Wagyu Beef, Grown in a Lab

The funding for “alternative” meat companies tripled in 2020, with Impossible Foods and Memphis Meats leading the way.

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☀️ Good morning.

By forces seemingly antagonistic and destructive Nature accomplishes her beneficent designs — now a flood of fire, now a flood of ice, now a flood of water; and again in the fullness of time an outburst of organic life.

John Muir

📰 Bioengineering in the News

Idea: Watermelons that grow on trees. Terrifying.

BIOTECH BATCH: Y Combinator has a new batch of startups. An article in Tech Crunch gives a nice overview for each of them. Tech Crunch. Link (A separate article takes a deeper dive on a specific startup in the batch; a company called Orbillion Bio is growing high-end meats — think wagyu, elk and lamb — in the lab.)

WEARABLE SENSORS: Jim Collins talks “living materials” that can diagnose diseases and sense microbes in an article for the National Institutes of Health’s biweekly newsletter. NIH Record. Link

BIOTECH’S NEW DEAL: Biotechnology can help usher in a “Green New Deal,” Isaac Larkin explained in a detailed report last year. Larkin highlights how synthetic biology is improving agriculture, the environment, and medicine, and what comes next. New Consensus. Link (Shorter summary here.)

THE SEQUENCE RACE: COVID variants can be sequenced and uploaded to a public repository in a single day. This rapid pace of “reading DNA” has helped scientists better understand SARS-CoV-2 variants. The New York Times. Link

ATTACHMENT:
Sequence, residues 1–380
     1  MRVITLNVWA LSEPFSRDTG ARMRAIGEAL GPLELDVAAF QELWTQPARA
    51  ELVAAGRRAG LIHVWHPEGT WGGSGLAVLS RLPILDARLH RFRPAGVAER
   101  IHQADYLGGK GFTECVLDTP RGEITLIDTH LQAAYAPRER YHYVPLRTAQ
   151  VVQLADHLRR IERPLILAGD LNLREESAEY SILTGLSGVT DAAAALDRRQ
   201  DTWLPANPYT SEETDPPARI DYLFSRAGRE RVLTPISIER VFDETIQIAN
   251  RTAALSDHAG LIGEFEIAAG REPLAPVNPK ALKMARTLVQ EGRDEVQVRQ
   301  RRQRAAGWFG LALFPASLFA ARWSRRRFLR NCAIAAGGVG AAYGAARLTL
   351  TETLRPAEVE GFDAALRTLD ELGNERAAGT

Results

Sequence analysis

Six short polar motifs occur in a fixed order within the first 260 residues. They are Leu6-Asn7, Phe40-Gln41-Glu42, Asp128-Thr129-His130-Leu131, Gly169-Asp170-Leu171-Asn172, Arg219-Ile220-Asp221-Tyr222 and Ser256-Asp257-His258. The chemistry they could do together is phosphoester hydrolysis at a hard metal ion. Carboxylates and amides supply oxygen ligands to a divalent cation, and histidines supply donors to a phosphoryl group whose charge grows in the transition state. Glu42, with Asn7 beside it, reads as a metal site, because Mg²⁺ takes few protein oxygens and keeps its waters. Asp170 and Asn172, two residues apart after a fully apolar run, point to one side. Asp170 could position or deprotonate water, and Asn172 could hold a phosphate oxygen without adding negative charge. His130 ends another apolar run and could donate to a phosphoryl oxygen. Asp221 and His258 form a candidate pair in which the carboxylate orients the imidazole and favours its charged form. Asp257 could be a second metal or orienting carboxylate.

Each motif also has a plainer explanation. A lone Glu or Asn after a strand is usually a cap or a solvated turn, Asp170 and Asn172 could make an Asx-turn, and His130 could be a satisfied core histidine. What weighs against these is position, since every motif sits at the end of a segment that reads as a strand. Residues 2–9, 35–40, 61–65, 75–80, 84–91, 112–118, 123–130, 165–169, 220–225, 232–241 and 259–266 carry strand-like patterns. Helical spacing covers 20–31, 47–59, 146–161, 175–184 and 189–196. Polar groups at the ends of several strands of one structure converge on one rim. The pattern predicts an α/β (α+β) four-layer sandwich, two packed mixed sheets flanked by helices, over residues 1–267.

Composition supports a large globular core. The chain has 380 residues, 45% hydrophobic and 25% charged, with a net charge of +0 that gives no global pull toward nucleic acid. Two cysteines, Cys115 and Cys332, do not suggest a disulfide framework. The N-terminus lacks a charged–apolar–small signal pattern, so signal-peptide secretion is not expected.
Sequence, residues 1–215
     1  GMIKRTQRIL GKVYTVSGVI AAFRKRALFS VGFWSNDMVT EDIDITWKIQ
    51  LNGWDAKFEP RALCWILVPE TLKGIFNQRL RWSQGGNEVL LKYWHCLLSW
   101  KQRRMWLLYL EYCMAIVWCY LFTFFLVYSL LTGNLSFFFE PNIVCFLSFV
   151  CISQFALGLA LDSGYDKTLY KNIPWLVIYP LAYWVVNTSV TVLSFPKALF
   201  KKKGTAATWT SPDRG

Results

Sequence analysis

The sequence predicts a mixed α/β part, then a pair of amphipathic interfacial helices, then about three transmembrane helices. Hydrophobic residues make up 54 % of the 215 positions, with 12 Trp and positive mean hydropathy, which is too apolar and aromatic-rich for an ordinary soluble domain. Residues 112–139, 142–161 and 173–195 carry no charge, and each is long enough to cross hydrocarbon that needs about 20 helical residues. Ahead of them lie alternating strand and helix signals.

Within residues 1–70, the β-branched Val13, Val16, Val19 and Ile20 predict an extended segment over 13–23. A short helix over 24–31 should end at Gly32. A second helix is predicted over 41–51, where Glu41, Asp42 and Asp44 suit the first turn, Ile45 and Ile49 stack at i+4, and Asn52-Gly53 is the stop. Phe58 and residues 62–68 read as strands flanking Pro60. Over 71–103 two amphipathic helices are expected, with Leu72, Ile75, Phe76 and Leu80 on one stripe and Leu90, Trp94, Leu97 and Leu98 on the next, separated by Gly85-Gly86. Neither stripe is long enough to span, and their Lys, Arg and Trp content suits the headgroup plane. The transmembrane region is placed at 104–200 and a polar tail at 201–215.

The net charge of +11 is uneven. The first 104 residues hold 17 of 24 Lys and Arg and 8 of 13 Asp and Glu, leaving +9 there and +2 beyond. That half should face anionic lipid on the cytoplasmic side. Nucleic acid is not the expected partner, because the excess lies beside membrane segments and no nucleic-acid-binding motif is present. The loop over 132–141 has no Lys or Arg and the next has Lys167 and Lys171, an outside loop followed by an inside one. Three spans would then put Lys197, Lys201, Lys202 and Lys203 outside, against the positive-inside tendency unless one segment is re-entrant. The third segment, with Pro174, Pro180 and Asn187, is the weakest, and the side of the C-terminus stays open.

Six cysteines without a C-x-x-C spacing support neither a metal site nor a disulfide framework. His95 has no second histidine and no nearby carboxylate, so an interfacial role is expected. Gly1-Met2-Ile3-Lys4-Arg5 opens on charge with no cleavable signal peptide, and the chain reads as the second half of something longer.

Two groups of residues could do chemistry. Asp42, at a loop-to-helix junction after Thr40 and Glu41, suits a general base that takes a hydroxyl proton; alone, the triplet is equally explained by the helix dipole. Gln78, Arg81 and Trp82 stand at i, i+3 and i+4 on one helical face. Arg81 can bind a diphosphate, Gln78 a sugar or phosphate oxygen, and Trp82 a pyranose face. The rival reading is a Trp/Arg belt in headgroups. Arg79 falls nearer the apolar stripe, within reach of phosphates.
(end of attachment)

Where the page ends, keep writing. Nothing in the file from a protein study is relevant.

MEAT MONEY: The funding for “alternative” meat companies tripled in 2020, with Impossible Foods and Memphis Meats leading the way. Labiotech.eu. Link

MICRO MISHAP: Remember uBiome, the feces-testing company? The U.S. Securities and Exchange Commission charged them with defrauding investors. The Scientist. Link

DESIGN WITH BIOLOGY: Natsai Audrey Chieza gave a beautiful TED Salon talk, discussing the intersection of nature, technology, and society, and touching on her own work with bio-designed materials. TED.com. Link

DOUDNA ESSAY: Jennifer Doudna penned an essay on COVID as a unifying force for the scientific enterprise. The Wall Street Journal. Link

KERNEL-Y CORN: Researchers used CRISPR to make corn with more kernels. Future Human (paywall). Link

FOOD TECH NEWSLETTER: I’ve been loving Daniel Ruben’s weekly newsletter on food and biotechnology. He covers industry updates in vivid detail, and always paints a bigger picture about food, the planet, and technology. FoodTech Weekly. Link

Original artwork today by Davey Ho. This image depicts terraced farmland, with DNA woven into each step.

This graphic was made by Davey Ho. Feel free to use and adapt the illustration (with attribution) for non-commercial purposes.

More Stories…

ENDANGERED ELEPHANTS: A new report on African elephants from the I.U.C.N. Red List says that savanna elephants are endangered. In 2008, the species was listed as “vulnerable.” Forest elephants are also critically endangered, having “lost nearly nine-tenths of their number in a generation.” The New York Times. Link (Also covered in New Scientist.)